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Output of the below code is

package com.ajay.compoitepattern;
class Test {
        public static void main(String[] args) {
                int big = 1234567890;
                float approx = big;
                System.out.println(big - (approx));
                System.out.println(big - (int)(approx));
        }
}

The outptut to this program is

0.0
-46

My question is , if the precision was lost in the widening conversion it should have been -46 in the first sysout also, why is the first output 0.0 ?

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4 Answers 4

up vote 4 down vote accepted

First output is 0.0 because float substract from an int and it makes whole statement in to float.

That means int big also converted into a float value. Basically you are doing is (approx - approx) as (float)big = approx. This should be the reason why you are getting zero.

If you want just try this one too

System.out.println(big/(approx));

Operations between int and float converts the whole statement into float

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Thanks Wenod :) –  Ajay Jul 16 '13 at 5:26

This is covered by JLS §4.2.4:

If at least one of the operands to a binary operator is of floating-point type, then the operation is a floating-point operation, even if the other is integral.

In your first example, big - approx, since approx is a float, this counts as a floating-point operation. big is widened into a float, and since approx is also big widening into a float, the loss of precision cancels itself out, netting you an answer of zero.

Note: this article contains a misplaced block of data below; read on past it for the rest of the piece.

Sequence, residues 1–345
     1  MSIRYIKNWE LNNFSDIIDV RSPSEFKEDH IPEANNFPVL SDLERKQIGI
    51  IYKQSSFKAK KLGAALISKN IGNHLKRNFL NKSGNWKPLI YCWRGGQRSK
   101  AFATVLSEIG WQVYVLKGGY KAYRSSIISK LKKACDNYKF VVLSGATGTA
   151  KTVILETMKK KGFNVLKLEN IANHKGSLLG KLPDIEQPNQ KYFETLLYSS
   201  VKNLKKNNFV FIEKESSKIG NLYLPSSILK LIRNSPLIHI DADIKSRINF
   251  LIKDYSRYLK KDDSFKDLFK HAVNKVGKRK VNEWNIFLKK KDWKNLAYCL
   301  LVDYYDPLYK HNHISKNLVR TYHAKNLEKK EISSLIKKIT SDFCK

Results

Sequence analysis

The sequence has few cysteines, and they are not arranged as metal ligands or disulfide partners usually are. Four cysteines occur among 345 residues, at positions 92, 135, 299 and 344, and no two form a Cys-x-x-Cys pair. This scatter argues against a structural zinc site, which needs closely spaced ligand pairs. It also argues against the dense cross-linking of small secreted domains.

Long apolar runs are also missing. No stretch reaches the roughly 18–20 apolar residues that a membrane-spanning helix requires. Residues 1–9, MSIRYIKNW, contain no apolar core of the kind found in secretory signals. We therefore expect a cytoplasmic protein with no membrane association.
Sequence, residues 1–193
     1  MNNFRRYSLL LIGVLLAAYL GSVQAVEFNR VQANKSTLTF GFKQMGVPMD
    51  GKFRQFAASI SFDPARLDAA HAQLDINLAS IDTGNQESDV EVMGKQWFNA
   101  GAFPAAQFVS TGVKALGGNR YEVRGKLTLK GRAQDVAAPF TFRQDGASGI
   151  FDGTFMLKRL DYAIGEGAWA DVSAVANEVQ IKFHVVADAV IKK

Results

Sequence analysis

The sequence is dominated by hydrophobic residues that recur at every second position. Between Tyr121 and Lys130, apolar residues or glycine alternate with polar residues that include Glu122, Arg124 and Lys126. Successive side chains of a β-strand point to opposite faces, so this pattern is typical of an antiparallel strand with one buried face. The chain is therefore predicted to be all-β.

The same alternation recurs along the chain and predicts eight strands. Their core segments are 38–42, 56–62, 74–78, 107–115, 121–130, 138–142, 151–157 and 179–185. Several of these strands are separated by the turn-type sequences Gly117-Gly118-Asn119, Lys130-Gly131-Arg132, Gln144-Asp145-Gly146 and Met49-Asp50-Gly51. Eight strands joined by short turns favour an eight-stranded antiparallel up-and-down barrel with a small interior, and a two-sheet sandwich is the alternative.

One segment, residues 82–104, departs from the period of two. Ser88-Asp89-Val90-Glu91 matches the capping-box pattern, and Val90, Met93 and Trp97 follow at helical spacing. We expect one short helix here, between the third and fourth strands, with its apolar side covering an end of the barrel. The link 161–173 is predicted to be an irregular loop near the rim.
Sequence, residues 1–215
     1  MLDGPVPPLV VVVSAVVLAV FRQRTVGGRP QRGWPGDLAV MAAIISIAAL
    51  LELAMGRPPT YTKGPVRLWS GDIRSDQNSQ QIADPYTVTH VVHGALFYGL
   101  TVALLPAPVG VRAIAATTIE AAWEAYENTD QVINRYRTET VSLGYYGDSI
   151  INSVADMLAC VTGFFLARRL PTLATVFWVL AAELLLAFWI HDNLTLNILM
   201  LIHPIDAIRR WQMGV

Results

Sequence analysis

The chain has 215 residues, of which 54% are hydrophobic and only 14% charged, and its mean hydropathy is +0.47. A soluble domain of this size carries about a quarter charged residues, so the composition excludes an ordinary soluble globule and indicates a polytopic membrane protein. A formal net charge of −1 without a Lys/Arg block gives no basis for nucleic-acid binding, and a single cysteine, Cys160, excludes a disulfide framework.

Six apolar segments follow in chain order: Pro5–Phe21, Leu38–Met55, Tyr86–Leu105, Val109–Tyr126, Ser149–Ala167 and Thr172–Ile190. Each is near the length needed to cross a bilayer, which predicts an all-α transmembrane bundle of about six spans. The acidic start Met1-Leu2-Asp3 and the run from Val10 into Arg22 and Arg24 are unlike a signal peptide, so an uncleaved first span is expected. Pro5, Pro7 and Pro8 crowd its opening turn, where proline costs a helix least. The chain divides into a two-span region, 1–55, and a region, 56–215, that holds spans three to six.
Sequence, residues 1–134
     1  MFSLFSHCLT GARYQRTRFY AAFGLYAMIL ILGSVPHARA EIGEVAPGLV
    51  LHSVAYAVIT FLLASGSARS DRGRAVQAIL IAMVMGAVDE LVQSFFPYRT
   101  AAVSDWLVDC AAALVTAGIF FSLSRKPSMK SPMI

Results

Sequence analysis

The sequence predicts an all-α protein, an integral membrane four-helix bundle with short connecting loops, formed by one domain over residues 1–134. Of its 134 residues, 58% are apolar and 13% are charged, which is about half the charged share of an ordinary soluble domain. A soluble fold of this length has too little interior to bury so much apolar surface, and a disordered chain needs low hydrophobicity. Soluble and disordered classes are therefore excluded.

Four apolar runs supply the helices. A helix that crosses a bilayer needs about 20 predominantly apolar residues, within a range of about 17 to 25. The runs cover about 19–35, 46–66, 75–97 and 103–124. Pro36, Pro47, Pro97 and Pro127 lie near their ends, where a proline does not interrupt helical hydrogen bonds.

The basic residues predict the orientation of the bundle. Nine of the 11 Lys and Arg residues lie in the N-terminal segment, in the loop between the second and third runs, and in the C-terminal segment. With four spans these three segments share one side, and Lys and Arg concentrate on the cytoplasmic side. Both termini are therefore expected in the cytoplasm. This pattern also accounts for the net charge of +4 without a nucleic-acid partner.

In your second example, big - (int) approx, neither operand is a floating-point type since you casted approx to int. The loss of precision is now present, and your answer is no longer zero.

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float in Java uses 23 bit for mantissa, plus 1 implisit bit, hence 24 significant bits are available, and int is represented by 32 bits. So there is inevitable loss of precision for int values higher than 2^23. You should use double here, as it has a 53 significant bits, so the result will be 0 in second case.

public static void main(String[] args) {
    int big = 1234567890;
    double approx = big;
    System.out.println(big - (approx)); // --> 0.0
    System.out.println(big - (int) (approx)); // --> 0
}
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Although 23 bits are stored, for normalized numbers, including all conversions of int to float, there is an additional implicit bit. There are effectively 24 significant bits. Similarly double has 53 significant bits for normalized numbers. –  Patricia Shanahan Jul 16 '13 at 4:46
    
@PatriciaShanahan Thank you, I corrected the answer –  Dmitry Kuskov Jul 16 '13 at 4:59
    
Thanks Dmitry, Patricia –  Ajay Jul 16 '13 at 5:26

Read this may help you to understand. Read this SO post too..

Let's consider your code

    int big = 1234567890;     // here your int big=1234567890;
    float approx = big;
    BigDecimal bd=BigDecimal.valueOf(approx);
    System.out.println(bd);  // Now you can see int to float creates approx= 1234567936;
    System.out.println(big - (approx));     // In here big again casting to float since you are doing a operation with float, result is zero.
    System.out.println(big - (int)(approx)); // here big=1234567890 and approx= 1234567936. so difference is -46
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Link-only answers are frowned upon. –  Jeffrey Jul 16 '13 at 4:49
    
@Jeffrey you can check my answer now –  Ruchira Gayan Ranaweera Jul 16 '13 at 5:06

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